Realist Painter  


Artist's Statement                            

Wherever I go my eyes search for things to paint, and although I seem to seek simplicity in my life and surroundings, I am drawn to complexity of surface in my subjects.

Many are parts of old buildings or machinery. I love the wonderful textures and subtle color variations I see on their surfaces. Although I work in a very detailed and realistic style, when I begin a painting, I first design the composition, establishing the relationship of the large shapes in the picture plane. Then I fill in those areas with all the tiny abstract shapes and colors I use to simulate texture.

I have nothing profound to say about my work. The simple fact is that I paint because I am unhappy when I don’t. It fills some need that I have had since childhood, and although at various times over the years I have tried to work in a totally non-representational way, I find that I do not enjoy it. I am a straightforward sort of person, and that is the kind of art I create.



As a child I loved to draw and would spend hours with my school pencil, colored pencils, crayons, typing paper, and construction paper, the only art supplies available to me. A freshman year at college brought the standard drawing and design courses with all sorts of new media and techniques. Then I married and worked while my husband attended college and dental school. I did attend some night art classes at the University of Washington . However, I had more opportunities to look at art in galleries and museums than I had to create it.

Next came mothering and raising three children, a life which allowed creative activities but only occasionally, some painting. Widowed with the three children, I commuted to college and earned a BFA in Art Education after several years. I supported the family by teaching public school art for a while and was able to become more active in the local art community where I lived. A move and another job allowed more painting time, and I just kept on painting whenever I could. Stopping and starting is certainly not the way to build a really great art career. Each stop would mean almost starting over from scratch. The funny thing was, I just had to keep at it, I never even considered not trying to paint and always hoped that some day I could really get at it! It has only been in the last several years that I have been able to spend more time doing the art work I truly enjoy.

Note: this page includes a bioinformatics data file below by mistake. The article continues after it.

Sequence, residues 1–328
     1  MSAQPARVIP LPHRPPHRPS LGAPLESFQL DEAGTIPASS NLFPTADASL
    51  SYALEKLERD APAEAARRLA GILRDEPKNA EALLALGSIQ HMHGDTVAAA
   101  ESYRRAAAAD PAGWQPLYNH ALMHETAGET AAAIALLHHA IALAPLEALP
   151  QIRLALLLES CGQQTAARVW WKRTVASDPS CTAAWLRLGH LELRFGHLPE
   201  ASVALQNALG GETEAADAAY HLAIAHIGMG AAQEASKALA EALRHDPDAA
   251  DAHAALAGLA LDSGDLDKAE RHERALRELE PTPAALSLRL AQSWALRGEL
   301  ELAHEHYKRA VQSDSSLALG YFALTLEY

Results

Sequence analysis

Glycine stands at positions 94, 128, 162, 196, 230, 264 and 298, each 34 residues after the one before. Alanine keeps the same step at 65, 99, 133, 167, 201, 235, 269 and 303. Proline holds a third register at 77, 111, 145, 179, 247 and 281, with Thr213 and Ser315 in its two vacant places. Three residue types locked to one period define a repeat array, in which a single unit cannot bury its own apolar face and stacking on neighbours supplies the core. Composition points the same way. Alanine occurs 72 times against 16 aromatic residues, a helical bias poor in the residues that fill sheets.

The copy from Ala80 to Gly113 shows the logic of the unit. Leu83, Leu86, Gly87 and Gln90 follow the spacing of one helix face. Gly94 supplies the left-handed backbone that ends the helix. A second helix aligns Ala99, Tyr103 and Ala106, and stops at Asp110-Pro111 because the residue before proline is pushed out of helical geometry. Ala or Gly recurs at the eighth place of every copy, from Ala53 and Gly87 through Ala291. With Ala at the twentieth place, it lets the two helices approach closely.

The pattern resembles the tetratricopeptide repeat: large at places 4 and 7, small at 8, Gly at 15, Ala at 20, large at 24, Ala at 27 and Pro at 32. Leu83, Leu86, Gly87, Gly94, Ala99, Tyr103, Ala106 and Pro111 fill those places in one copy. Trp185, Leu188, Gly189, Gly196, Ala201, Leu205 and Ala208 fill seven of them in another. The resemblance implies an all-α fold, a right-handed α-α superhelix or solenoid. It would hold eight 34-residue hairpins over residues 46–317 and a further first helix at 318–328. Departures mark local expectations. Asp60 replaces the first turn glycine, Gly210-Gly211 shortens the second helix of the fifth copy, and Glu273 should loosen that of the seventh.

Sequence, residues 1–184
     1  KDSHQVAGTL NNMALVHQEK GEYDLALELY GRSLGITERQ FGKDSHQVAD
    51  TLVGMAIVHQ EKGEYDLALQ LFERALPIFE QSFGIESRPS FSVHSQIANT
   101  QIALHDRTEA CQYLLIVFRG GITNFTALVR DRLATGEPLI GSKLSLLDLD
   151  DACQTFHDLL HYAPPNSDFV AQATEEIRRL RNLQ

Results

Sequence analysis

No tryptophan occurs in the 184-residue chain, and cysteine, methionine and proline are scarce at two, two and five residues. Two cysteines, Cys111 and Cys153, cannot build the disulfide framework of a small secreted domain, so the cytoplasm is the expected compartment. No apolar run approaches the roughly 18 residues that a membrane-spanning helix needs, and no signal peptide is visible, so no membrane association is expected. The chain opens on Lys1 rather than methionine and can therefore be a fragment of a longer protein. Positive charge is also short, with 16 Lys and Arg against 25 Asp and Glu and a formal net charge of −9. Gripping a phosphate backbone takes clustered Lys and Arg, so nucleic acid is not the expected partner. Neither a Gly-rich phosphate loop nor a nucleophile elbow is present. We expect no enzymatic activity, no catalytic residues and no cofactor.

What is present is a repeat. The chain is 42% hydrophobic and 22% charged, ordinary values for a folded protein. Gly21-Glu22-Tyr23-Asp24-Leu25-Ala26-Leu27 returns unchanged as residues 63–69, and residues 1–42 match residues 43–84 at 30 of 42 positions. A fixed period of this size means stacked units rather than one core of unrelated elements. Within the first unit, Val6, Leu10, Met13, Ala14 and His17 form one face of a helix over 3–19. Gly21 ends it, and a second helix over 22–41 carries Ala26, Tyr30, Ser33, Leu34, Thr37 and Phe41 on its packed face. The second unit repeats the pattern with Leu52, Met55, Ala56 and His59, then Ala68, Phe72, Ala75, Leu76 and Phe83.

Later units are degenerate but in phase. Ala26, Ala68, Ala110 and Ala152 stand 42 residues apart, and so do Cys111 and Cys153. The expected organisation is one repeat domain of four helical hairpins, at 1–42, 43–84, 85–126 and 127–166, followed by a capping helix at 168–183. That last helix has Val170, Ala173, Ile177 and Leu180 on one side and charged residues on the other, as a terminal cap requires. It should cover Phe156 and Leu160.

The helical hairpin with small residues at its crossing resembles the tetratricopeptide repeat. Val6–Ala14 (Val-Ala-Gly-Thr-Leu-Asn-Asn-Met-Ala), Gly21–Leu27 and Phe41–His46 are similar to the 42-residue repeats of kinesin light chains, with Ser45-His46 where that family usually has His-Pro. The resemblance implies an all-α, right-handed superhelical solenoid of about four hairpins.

My subject matter and style remain representational, but I like working with different materials. Lately I have enjoyed painting with watercolors on gessoed wood panels or illustration board. I just like the way it looks!


Contact Fran White Shurtleff at



architecture gallery

close-ups gallery

landscapes gallery